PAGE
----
Wednesday, July 19, 2017

Lamb Kebabs with Georgian Adzhika


Is it too hot to cook inside? It sure was this Sunday in the Bay Area. Smoking hot. Of course, there are two answers to hot weather: grilling and gazpacho. We did both. (Gazpacho found here to come later, I promise.)  



This little lamb skewer comes from none other than my favorite person, Diana Henry--this time from her cookbook, A Change of Appetite. (Want to read a great review of this book?  See here.  While Alex Guarnaschelli says she loves the book, she finds that it's culinary whirlwind tour a little discombobulating and she's not sure what she would turn to this book for. I do. I turn to it whenever I want something light and fresh and filling without weighing me down. And that happens throughout the year--be it on a hot summer day or after enjoying too many holiday treats come January. I know exactly why I come to this particular Diana Henry book.)



So the husband fired up the grill and made some lamb, which was simple enough. Shockingly simple, indeed. And I hoisted out the blender to mix up this Adzhika relish/salsa from Georgia (the country, not the state) on the side. My only regret is that I did not make even more of this sauce. While this recipe made plenty, and we had a good deal of it leftover, I found myself mixing it in with everything over the next few days. Tuna and bean salad? Okay. Yogurt with tomatoes? Sounds fine to me. Should we grill up some more meat? I'd top that too, but it appears I have eaten all of the Adzhika and need to make more. 

Want to learn a little more?  Here are two links, one describing it as a salsa and another as a hot pepper relish. Is it no surprise then that I love it? A sauce? To go on morsels? Hush, say no more.



Adzhika is hot--or as hot as you want to make it, given you get to control how much of the chile you put in. But it is complex. The dill and cinnamon and celery are unexpected, at least for this palate, but the heat of the chile next to the cilantro brings me right back home to a more familiar salsa. However, upon some searching, this may be much more Adzhika "inspired" than Adzhika replication. Some adzhikas have no celery or cilantro and some purists claim that they should be only chiles, salt, and very specific herbs (coriander, dill, blue fenugreek, garlic). I guess I need to get on a search for true adzhika.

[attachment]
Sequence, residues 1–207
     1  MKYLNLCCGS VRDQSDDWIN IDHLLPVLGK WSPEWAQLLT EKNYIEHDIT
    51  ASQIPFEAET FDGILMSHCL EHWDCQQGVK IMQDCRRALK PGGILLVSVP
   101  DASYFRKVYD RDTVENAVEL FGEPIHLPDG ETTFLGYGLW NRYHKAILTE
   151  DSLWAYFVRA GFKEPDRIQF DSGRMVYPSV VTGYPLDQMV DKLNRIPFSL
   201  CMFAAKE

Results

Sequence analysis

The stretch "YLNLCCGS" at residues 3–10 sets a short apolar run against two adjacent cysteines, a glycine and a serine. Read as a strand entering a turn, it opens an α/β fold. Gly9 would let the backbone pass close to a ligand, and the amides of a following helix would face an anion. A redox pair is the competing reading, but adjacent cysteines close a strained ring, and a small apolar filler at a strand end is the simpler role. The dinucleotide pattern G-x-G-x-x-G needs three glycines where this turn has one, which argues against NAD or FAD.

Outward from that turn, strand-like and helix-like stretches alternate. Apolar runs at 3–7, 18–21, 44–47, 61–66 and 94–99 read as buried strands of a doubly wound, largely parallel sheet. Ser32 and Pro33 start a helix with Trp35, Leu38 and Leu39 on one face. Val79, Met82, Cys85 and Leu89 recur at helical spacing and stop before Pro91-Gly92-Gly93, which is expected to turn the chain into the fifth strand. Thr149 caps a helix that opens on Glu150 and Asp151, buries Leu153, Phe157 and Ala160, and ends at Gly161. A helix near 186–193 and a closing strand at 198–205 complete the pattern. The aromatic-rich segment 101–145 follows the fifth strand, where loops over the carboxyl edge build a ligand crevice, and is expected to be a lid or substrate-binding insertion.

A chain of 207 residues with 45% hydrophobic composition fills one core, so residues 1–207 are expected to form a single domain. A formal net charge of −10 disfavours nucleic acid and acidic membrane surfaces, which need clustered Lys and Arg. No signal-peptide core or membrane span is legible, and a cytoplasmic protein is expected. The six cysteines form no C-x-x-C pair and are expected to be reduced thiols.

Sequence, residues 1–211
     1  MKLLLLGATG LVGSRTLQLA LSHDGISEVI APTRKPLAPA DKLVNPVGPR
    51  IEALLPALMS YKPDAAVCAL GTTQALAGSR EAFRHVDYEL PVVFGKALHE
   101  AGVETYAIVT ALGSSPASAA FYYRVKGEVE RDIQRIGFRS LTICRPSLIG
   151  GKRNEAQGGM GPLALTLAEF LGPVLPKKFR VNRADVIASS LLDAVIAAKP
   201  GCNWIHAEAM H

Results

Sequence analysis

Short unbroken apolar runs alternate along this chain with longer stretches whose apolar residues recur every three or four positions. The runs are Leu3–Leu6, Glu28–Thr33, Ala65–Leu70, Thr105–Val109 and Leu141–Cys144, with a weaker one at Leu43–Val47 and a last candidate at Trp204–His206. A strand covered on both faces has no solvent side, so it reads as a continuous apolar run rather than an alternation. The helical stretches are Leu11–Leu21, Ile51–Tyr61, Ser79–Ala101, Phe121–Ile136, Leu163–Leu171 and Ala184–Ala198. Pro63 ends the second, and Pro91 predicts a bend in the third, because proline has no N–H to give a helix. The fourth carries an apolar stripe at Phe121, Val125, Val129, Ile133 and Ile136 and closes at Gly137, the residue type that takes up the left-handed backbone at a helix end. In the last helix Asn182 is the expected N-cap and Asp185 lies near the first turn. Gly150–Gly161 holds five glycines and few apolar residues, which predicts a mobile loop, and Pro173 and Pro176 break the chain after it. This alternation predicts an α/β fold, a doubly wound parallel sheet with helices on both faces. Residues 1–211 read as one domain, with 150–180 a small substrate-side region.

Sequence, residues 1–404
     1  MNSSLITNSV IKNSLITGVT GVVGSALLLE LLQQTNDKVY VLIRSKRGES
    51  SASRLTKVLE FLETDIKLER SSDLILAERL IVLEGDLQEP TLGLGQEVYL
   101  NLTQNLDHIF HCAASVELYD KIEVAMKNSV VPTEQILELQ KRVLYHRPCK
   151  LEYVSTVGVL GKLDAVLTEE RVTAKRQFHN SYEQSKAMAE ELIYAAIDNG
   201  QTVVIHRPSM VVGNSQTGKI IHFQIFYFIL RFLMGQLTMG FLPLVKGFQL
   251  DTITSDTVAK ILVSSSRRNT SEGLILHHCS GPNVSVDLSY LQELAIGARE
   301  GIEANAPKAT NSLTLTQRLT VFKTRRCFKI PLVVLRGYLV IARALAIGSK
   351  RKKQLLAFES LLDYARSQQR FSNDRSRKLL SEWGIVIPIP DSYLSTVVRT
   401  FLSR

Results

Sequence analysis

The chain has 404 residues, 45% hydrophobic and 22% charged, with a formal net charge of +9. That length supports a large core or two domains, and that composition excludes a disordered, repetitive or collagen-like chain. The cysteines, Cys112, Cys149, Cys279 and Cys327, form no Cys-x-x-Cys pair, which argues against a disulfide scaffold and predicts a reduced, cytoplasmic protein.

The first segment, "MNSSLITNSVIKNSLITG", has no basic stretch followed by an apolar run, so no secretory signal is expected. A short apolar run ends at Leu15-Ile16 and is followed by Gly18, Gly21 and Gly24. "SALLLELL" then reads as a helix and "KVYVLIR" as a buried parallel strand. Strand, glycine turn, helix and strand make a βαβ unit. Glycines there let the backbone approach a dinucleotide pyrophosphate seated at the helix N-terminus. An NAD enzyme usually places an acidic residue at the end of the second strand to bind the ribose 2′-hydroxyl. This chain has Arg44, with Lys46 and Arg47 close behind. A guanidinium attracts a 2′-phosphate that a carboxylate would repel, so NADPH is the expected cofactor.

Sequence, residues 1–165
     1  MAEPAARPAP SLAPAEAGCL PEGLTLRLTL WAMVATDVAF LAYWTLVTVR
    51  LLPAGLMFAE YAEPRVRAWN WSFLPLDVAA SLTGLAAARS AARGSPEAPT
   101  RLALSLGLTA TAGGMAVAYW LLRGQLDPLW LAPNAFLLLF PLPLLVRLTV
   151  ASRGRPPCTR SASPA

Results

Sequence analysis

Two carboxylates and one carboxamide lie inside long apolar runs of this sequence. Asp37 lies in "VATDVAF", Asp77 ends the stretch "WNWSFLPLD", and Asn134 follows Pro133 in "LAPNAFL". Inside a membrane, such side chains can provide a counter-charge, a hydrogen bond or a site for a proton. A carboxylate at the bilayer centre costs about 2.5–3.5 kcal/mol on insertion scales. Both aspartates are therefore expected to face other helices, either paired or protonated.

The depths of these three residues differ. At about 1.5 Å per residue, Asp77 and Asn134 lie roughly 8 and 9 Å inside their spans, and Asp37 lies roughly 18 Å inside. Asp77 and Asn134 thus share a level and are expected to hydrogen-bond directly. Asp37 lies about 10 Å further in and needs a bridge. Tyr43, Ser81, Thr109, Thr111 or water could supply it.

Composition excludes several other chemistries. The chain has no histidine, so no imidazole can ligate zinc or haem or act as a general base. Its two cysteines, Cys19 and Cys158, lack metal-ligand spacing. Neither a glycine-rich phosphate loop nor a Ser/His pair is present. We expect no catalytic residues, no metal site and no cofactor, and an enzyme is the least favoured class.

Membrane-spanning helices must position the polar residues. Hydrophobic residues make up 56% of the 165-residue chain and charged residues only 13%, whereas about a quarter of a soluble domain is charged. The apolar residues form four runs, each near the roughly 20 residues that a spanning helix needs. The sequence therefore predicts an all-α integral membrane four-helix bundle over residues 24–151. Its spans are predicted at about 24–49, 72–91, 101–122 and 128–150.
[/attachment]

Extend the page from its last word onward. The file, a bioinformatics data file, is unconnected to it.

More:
In the meantime, I definitely am going to layer this sauce on the gaminess of lamb for a big, bold flavor. Perfect for a hot summer afternoon with a side of rice to help cool your mouth after this palate cleanser. I am so on board with this salsa. At least until I can find some true adzhika. 

And I suspect I would be on board with that, too.





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Lamb Kebabs with Georgian Adzhika

Adapted from Diana Henry's A Change of Appetite

Yield
4 Servings

Ingredients
1¼ cubed leg of lamb
¼ cup olive oil
1½  tsp ground cinnamon
1 tsp ground allspice
2 tsp cayenne pepper
2 garlic cloves, crushed
4 garlic cloves, coarsely chopped
1 celery stick, coarsely chopped
3-4 red chiles, chopped (seeded if you would prefer a milder sauce)
1 red bell pepper, chopped
½ cup dill leaves
½ cup cilantro leaves
3½ Tbsp red wine vinegar
¼ cup olive oil

Instructions
1. Trim the lamb of any fat or sinew. Mix the olive oil through the 2 garlic cloves, crushed, together in a bowl. Put the lamb in the spice mixture. Turn the meat over in the marinade, cover with plastic warp, and put in the refrigerator to marinate for 2-24 hours. Turn the meat over every so often. Soak six bamboo skewers in water for at least 30 minutes.

2.  To make the adzhika, put the garlic in a food processor and blend. Add the celery, chiles, and bell pepper and pulse-blend to a salsa-like mixture. Add the herbs and pulse about 3 times. You don't want a puree--just a rough mix. Scrape into a bowl, add salt, vinegar and olive oil.

3.  Thread the lamb cubes onto the skewers and season with salt. Cook on a grill pan or a grill, until golden brown, turning them regularly. Keep these a bit rare in the middle, so these need about 7 minutes total. Serve with the adzhika. (We clearly also added some rice and wild rice--see pictures.)

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